The U.S. Naval Brig Somers: A Mexican War Shipwreck of 1846
The brig Somers gained fame in the United States as the setting of a notorious mutiny in 1842 that directly inspired the writing of Herman Melville’s Billy Budd. The vessel was subsequently lost while on blockade duty off Veracruz during the war between the United States and Mexico in 1846. Rediscovered in 1986, the wreck was an untouched archaeological resource. It also served as the means for a pioneering international collaboration between the two former combatants in the management and study of the wreck. This was the first time such a project, potentially sensitive, brought the representative nations together to archaeologically focus on a shipwreck from a past war. Two field projects, in 1990 and 1999, were a collaboration of the National Park Service and the Instituto Nacional de Antropología e Historia. This paper summarizes the history, discovery, diplomatic initiatives, and the current status of this unique Gulf shipwreck.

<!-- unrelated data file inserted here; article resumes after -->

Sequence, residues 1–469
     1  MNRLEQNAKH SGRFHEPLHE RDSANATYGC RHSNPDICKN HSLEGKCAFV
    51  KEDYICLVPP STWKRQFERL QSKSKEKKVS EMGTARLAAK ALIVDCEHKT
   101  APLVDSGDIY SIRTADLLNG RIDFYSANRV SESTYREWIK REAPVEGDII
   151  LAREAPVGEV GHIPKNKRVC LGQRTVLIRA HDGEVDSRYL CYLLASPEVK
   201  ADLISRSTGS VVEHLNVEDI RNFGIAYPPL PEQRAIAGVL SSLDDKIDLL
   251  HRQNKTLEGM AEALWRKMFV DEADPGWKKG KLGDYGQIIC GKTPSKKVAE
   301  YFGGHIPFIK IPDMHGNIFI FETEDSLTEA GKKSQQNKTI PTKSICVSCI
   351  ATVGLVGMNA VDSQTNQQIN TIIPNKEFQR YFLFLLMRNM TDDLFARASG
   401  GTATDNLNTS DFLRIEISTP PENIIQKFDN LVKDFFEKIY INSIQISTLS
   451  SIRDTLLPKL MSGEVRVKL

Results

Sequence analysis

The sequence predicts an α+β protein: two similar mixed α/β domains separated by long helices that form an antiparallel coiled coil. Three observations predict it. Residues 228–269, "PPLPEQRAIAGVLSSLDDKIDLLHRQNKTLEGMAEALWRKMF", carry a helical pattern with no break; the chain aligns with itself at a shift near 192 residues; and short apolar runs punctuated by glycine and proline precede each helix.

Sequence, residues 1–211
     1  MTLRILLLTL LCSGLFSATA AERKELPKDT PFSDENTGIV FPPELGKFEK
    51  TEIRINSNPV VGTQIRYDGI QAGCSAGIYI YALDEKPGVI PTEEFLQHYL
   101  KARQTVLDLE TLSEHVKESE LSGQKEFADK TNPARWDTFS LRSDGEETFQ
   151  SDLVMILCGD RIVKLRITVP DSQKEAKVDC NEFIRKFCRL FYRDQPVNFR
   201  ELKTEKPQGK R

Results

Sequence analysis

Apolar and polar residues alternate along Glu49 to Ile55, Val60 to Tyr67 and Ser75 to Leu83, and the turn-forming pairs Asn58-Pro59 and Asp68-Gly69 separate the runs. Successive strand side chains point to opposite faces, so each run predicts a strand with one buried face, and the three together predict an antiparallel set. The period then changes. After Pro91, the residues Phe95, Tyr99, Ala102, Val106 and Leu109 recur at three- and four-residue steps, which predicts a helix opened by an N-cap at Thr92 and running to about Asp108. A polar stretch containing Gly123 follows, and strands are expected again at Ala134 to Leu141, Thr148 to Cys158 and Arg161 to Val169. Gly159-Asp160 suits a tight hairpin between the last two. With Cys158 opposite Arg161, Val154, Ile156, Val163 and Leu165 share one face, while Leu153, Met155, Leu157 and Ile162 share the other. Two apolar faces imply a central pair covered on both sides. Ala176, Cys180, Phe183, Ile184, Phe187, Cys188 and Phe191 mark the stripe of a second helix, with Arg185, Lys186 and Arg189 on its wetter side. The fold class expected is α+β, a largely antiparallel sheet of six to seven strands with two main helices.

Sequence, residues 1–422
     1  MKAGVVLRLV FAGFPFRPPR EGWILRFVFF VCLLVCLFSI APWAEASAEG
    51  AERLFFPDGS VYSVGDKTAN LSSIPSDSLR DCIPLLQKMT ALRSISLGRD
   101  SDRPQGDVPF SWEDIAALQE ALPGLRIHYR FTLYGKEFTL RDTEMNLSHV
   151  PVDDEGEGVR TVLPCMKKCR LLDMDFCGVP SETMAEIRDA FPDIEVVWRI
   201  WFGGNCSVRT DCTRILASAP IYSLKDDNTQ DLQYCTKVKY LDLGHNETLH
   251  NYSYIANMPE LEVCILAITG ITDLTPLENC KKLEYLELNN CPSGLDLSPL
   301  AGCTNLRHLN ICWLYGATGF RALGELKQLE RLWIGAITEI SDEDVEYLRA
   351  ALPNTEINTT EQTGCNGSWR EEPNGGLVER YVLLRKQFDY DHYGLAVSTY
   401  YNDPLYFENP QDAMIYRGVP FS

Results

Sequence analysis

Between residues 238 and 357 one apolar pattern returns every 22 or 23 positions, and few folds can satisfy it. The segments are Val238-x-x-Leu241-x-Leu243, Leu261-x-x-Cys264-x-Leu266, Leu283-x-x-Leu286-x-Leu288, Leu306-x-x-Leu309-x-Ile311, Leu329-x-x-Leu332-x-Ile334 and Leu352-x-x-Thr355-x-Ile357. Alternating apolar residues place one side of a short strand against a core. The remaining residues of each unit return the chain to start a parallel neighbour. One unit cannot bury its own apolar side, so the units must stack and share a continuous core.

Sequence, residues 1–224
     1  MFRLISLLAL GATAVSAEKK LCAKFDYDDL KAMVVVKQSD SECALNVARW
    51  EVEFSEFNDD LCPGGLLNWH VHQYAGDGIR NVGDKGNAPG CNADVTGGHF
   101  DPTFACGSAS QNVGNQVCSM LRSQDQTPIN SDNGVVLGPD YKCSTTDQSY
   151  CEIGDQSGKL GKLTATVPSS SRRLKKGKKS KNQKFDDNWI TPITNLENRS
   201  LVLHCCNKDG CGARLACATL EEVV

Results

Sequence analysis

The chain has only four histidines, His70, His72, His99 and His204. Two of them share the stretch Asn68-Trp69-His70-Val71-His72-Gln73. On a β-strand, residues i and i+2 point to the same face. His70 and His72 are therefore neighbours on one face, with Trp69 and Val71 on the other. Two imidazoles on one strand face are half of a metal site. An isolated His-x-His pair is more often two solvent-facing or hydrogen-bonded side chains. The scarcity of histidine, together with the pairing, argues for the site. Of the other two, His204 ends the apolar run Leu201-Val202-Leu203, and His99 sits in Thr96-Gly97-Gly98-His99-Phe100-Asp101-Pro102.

This Resource is Part of the Following Collections
- To "Hazard a Turbulent Sea:" Marine Archaeology in the Gulf of Mexico--Examining 500 Years of Exploration and Exploitation •
- Society for Historical Archaeology 2016
Cite this Record
The U.S. Naval Brig Somers: A Mexican War Shipwreck of 1846. Pilar Luna Erreguerena, James Delgado. Presented at Society for Historical Archaeology, Washington, D.C. 2016 ( tDAR id: 435053)
min long: -129.199; min lat: 24.495 ; max long: -66.973; max lat: 49.359 ;